-
-
-
-
-
medium
high
high
-
high
grass pickerel
-
-
-
-
-
-
high
high
-
high
central mudminnow
-
-
-
-
-
-
high
-
-
high
quillback
-
-
-
-
medium
high
high
high
-
high
longnose sucker
-
-
-
-
high
high
-
-
-
medium
white sucker
-
-
-
medium
high
medium
-
-
-
medium
lake chubsucker
-
-
-
-
medium
high
high
-
-
high
northern hogsucker
-
-
-
-
high
medium
-
-
-
low
bloater
kiyi
18
Comments
eggs adhere to
substrate
near mouths of
Common Name
Substrate
Lake
Affinity
Bedrock
Boulder
Cobble
Rubble
Gravel
Sand
Silt
Clay
Comments
Hard-pan
clay
streams
bigmouth buffalo
-
-
-
medium
medium
high
high
-
-
high
spotted sucker
-
-
-
high
medium
medium
-
-
medium
low
silver redhorse
-
-
high
high
high
-
-
-
-
low
shorthead redhorse
-
-
-
high
high
high
-
-
-
low
greater redhorse*
-
high
-
-
high
high
-
-
-
low
goldfish
-
-
-
-
medium
high
high
high
-
high
northern redbelly
dace
-
-
-
-
medium
high
high
-
-
high
finescale dace
-
-
-
-
medium
high
high
-
-
high
lake chub
-
medium
-
high
high
high
low
-
-
high
common carp
-
-
-
medium
medium
medium
high
-
-
high
cutlips minnow
-
-
medium
high
high
-
-
-
-
low
brassy minnow
-
-
-
-
medium
high
high
-
-
high
eastern silvery
minnow
-
-
-
-
-
-
high
-
-
high
silver chub
-
-
-
-
high
medium
-
-
-
medium
19
*adult habitat
Common Name
Substrate
Lake
Affinity
Bedrock
Boulder
Cobble
Rubble
Gravel
Sand
Silt
Clay
Hard-pan
clay
hornyhead chub
-
-
high
high
high
medium
low
-
-
low
golden shiner
-
-
-
-
-
high
high
-
-
high
pugnose shiner
-
-
-
-
medium
high
high
-
-
high
emerald shiner
-
medium
medium
high
high
high
-
-
-
high
bridle shiner
-
-
-
-
-
high
high
-
-
high
common shiner
-
-
-
medium
high
medium
-
-
-
low
blackchin shiner
-
-
-
-
high
high
high
-
-
high
blacknose shiner
-
-
-
-
medium
high
-
-
-
high
spottail shiner
-
-
medium
medium
high
high
-
-
-
high
rosyface shiner
-
-
high
high
high
high
-
-
-
low
spotfin shiner
-
-
-
-
high
high
high
-
-
medium
sand shiner
-
-
-
-
high
high
-
-
-
medium
redfin shiner
-
-
-
-
high
high
low
-
-
medium
mimic shiner
-
-
-
-
medium
high
low
-
-
high
pugnose minnow*
-
-
-
-
-
medium
high
high
-
high
bluntnose minnow
-
medium
medium
high
high
medium
-
-
-
medium
20
Comments
*adult habitat
Common Name
Substrate
Lake
Affinity
Bedrock
Boulder
Cobble
Rubble
Gravel
Sand
Silt
Clay
Hard-pan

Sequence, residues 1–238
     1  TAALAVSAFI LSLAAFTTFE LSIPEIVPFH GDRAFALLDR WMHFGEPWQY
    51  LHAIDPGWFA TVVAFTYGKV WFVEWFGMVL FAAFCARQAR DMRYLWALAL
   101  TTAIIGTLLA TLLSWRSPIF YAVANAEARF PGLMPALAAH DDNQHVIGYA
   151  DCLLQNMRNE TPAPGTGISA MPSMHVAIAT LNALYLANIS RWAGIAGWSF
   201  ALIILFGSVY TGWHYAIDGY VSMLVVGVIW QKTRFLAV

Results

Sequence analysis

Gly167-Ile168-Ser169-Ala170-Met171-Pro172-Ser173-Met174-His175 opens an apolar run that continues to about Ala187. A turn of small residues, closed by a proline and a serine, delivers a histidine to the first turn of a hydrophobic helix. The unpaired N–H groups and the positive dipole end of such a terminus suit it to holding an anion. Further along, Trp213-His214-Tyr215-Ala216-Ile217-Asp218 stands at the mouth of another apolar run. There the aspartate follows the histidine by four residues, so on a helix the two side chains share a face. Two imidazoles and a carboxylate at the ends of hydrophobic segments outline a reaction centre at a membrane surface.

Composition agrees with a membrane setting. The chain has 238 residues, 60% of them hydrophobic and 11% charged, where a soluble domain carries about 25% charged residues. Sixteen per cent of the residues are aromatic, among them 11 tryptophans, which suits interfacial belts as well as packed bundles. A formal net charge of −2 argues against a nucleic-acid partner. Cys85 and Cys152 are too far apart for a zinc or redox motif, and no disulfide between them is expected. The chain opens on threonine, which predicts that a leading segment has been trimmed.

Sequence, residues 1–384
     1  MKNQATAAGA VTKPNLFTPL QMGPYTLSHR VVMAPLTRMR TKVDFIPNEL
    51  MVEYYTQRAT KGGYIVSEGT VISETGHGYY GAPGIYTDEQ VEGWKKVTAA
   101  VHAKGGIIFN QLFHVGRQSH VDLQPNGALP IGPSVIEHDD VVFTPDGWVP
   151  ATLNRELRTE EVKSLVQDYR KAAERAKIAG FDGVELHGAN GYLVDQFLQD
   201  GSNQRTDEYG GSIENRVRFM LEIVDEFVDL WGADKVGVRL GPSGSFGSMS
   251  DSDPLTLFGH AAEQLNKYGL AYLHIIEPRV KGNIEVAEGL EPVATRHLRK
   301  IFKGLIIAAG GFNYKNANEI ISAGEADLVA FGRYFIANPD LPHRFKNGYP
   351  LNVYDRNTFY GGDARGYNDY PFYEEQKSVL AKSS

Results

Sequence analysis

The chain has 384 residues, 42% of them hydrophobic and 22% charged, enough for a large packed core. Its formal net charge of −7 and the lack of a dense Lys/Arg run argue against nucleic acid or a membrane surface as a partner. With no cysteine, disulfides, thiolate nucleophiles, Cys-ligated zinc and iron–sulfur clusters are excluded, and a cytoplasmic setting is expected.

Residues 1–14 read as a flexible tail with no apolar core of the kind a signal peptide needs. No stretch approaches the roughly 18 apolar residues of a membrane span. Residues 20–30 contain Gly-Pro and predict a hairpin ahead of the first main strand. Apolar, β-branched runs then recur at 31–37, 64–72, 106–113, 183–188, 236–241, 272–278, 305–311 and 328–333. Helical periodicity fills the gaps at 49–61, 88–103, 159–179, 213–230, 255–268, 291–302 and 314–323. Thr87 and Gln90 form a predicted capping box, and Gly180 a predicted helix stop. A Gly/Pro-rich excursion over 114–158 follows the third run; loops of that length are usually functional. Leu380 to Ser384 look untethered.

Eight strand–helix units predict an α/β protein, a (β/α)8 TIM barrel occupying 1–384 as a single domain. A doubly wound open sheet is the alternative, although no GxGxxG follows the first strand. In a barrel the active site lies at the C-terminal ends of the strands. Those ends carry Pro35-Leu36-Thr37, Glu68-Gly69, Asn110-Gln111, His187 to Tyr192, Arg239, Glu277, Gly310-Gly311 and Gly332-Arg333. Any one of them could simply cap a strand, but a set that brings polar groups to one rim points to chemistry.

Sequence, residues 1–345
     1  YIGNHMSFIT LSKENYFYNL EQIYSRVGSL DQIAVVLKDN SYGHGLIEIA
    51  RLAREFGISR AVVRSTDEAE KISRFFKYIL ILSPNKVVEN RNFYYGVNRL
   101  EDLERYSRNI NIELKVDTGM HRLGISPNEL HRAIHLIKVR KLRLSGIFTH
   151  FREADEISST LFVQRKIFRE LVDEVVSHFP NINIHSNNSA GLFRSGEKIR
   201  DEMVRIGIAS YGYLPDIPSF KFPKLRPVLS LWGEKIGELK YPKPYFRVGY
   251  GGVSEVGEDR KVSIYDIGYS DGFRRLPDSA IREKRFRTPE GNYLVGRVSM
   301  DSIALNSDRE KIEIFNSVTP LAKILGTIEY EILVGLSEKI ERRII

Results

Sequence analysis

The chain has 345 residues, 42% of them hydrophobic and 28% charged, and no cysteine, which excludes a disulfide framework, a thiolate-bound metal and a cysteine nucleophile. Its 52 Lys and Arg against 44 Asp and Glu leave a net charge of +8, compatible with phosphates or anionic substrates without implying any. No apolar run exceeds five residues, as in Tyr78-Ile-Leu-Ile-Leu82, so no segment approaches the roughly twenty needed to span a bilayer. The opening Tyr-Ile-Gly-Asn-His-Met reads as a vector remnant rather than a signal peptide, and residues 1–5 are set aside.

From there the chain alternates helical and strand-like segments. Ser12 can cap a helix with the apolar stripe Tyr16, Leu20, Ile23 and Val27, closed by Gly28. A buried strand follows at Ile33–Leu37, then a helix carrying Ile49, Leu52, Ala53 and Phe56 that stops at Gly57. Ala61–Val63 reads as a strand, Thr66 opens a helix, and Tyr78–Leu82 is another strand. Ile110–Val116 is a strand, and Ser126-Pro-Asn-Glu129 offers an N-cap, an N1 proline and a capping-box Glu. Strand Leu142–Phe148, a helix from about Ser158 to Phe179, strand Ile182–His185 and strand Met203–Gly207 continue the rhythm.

clay
fathead minnow
-
-
-
-
medium
high
high
-
-
medium
blacknose dace
-
-
-
high
high
medium
-
-
-
low
longnose dace
-
-
medium
high
high
medium
-
-
-
low
creek chub
-
-
-
high
high
high
-
-
-
low
fallfish
-
-
-
high
high
-
-
-
-
low
pearl dace
-
-
-
-
high
high
-
-
-
low
central stoneroller
-
-
-
high
high
high
-
-
-
low
striped shiner
-
-
-
-
high
high
low
-
-
low
black bullhead
-
-
low
low
low
high
high
-
-
high
yellow bullhead
-
-
-
-
medium
high
high
-
-
high
brown bullhead
-
-
-
-
-
high
high
high
-
high
channel catfish
-
-
high
high
high
high
high
high
-
medium
stonecat
-
high
high
high
medium
-
-
-
-
medium
tadpole madtom
-
-
-
-
medium
high
high
-
-
medium
brindled madtom
-
medium
medium
medium
medium
medium
high
-
-
medium
banded killifish
-
-
-
high
high
high
medium
-
-
high
21
Comments
Common Name
Substrate
Lake
Affinity
Bedrock
Boulder
Cobble
Rubble
Gravel
Sand
Silt
Clay
Hard-pan
clay
burbot
-
high
high
high
high
medium
medium
-
-
high
brook stickleback
-
-
-
-
medium
high
high
-
-
high
threespine
stickleback
-
-
-
-
medium
high
high
-
-
high
ninespine
stickleback
-
-
medium
high
high
medium
medium
-
-
high
fourspine
stickleback
-
-
medium
medium
medium
high
high
-
-
high
-
-
-
high
high
high
high
-
-
medium
white perch
medium
medium
medium
medium
medium
medium
medium
medium
medium
high
white bass
high
high
high
high
high
medium
low
low
medium
high
rock bass
-
-
high
high
high
medium
medium
medium
-
high
green sunfish
-
-
-
high
high
high
medium
medium
-
high
pumpkinseed
-
-
-
-
high
high
-
medium
-
high
bluegill
-
-
-
-
high
high
medium
-
-
high
longear sunfish
-
-
-
-
high
medium
-
medium
medium
high
-
-
high
high
medium
-
-
-
high
trout-perch
c
smallmouth bass
c
medium
22
Comments
c
no apparent
preference
c
with overlying
Common Name
Substrate
Lake
Affinity
Bedrock
Boulder
Cobble
Rubble
Gravel
Sand
Silt
Clay
Comments
Hard-pan
clay
gravel
largemouth bass
-
-
-
low
low
high
high
high
-
high
white crappie
-
-
-
-
medium
low
low
high
high
high
black crappie
-
-
-
-
high
high
high
-
-
high
warmouth*
-
-
-
medium
high
high
medium
-
-
high
orangespotted
sunfish
-
-
-
-
medium
high
high
-
-
high
yellow perch
-
-
-
medium
high
high
medium
medium
-
high
sauger
-
medium
high
high
high
medium
low
low
-
medium
high
high
high
high
high
high
-
-
high
medium
eastern sand darter
-
-
-
-
medium